I am fairly sure that this clicking wasn't just because my computer had issues, although that would be interesting to find out. I distinctly remember that the first computers I owned would make a rapid clicking noise on powerup. These were always desktops (I didn't own a laptop until about 2004, and it did not click on powerup). My current desktops haven't made that sound for more than a decade, so I presume that things progressed. Still...what was clicking?


Its hard to tell exactly from just that brief description, but I think you're probably referring to the sound of the hard drive head seek (repositioning to different areas of the disk) as data is read from the drive. That's the repetitive ticking you can hear in this video when the Windows 95 splash screen is showing and the OS is being loaded from the hard drive (starting at 30 seconds into the video).

Modern spinning hard drives drives still make clicking noises on seek, just at a much lower sound level. Generally you can only hear it if you put your ear close to the drive and the sound is different because seeks occur much faster so the distinct clicks tend to blend into a single buzzing or humming sound.

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    Yes! That's exactly it. Thank you! – Michael Stachowsky Sep 28 '19 at 22:28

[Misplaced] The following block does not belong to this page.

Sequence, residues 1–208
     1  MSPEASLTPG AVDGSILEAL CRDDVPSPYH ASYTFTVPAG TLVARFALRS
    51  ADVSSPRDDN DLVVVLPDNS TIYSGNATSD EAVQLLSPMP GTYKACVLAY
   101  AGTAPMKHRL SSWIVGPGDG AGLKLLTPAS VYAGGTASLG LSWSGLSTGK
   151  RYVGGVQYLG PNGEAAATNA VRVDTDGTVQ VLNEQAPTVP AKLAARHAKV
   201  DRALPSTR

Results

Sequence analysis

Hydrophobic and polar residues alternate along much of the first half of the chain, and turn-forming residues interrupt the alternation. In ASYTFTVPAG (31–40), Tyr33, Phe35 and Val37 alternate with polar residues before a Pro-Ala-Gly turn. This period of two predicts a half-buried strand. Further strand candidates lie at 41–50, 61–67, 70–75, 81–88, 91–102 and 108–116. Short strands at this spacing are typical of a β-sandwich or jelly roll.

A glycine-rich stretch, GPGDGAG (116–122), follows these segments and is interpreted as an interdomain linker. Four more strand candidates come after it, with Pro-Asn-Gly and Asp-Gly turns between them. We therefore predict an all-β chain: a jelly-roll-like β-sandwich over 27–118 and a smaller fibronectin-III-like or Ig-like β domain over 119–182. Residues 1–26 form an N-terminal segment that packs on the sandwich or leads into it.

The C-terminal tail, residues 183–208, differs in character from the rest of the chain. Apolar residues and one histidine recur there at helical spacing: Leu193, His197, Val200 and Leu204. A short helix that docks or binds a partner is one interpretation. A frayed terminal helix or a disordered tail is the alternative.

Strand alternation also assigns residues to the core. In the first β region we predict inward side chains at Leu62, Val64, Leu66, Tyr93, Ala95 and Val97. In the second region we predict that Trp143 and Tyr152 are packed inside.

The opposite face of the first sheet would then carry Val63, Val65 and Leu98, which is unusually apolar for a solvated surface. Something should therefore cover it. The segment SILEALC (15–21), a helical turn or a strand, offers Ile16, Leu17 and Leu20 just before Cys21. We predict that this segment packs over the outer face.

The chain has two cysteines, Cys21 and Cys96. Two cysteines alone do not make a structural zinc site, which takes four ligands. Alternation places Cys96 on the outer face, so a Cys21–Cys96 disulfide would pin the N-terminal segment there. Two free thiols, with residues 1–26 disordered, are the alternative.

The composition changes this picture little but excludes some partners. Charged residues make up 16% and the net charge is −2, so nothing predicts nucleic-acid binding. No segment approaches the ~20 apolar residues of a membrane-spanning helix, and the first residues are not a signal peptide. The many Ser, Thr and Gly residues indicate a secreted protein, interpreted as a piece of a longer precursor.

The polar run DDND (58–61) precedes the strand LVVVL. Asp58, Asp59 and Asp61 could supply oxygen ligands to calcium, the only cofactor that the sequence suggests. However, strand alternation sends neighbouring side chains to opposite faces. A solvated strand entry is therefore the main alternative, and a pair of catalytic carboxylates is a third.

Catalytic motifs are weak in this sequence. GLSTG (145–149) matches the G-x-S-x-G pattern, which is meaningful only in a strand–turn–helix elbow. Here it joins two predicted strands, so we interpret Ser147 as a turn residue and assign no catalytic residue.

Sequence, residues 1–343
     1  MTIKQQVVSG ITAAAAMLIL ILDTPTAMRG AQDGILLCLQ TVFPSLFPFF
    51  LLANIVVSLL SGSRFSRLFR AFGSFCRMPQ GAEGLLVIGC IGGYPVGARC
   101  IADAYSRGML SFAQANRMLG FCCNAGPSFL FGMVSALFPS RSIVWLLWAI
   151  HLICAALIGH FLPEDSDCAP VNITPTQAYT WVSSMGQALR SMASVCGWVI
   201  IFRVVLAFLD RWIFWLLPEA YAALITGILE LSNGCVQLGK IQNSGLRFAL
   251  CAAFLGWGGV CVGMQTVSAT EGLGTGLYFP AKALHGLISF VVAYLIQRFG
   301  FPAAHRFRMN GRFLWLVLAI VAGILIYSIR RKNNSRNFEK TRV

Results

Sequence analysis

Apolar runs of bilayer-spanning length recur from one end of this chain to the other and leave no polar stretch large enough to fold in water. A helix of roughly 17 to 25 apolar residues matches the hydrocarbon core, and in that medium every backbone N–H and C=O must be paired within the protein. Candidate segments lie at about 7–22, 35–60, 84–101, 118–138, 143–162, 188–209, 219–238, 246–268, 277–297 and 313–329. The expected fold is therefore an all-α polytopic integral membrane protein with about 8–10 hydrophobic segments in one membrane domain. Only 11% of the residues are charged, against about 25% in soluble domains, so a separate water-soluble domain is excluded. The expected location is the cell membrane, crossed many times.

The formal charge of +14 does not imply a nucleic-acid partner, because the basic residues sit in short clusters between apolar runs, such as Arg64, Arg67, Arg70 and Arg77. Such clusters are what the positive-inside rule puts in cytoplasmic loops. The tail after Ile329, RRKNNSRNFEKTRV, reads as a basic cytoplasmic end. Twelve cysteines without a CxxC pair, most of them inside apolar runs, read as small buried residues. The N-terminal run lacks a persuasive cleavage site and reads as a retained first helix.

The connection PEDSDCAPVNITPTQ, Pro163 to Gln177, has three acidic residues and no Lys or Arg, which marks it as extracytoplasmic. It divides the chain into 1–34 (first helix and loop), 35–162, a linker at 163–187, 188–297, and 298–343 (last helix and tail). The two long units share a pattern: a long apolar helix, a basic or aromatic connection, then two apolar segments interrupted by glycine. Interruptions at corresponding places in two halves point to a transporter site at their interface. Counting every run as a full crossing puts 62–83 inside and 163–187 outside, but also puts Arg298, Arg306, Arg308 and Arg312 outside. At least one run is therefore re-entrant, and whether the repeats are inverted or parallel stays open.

• heh that brings me back ... the older drives (like MFM ~20MByte) had even slower seeking times making beeping sounds ... – Spektre Sep 29 '19 at 7:11
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    The clicks were usually from the stepper motors used to position the read/write heads. Modern hard drives use voice-coil servo motors instead so are a lot quieter. – Brian Mar 1 at 15:52
  • Hopefully your current machines have SSDs by now, which don't have mechanical motors at all. – Jonathan Mar 3 at 16:24
  • @Jonathan I think you'll find plenty of people still have both a SSD and HDD in current PCs. SSD prices have fallen significantly, but the difference in price is still non-trivial if you're working with very large data sets that aren't reliant on fast I/O. – mnem Mar 3 at 20:33

Most likely the floppy drive and/or initializing on power up. The drives had to seek a few times to ascertain what track they were on or if there was a disk present. Most machines don't have floppies or indeed any spinning media, so this motor sound is absent from many new computers.

None quite as loud as the Apple II “machine gun”, though.


On powerup, a memory test happens. During that test, for each of the tested memory blocks, a click is emitted from the speaker. If a key was pressed to skip the test, or the test was disabled in the settings, then it would sound all the clicks in a burst and continue the boot process.

  • That's not the sound, but +1 for interesting information – Michael Stachowsky Sep 28 '19 at 22:29
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    I think that's a feature present in one of the several common BIOS versions of the time, but not in others. – Chromatix Sep 29 '19 at 0:31

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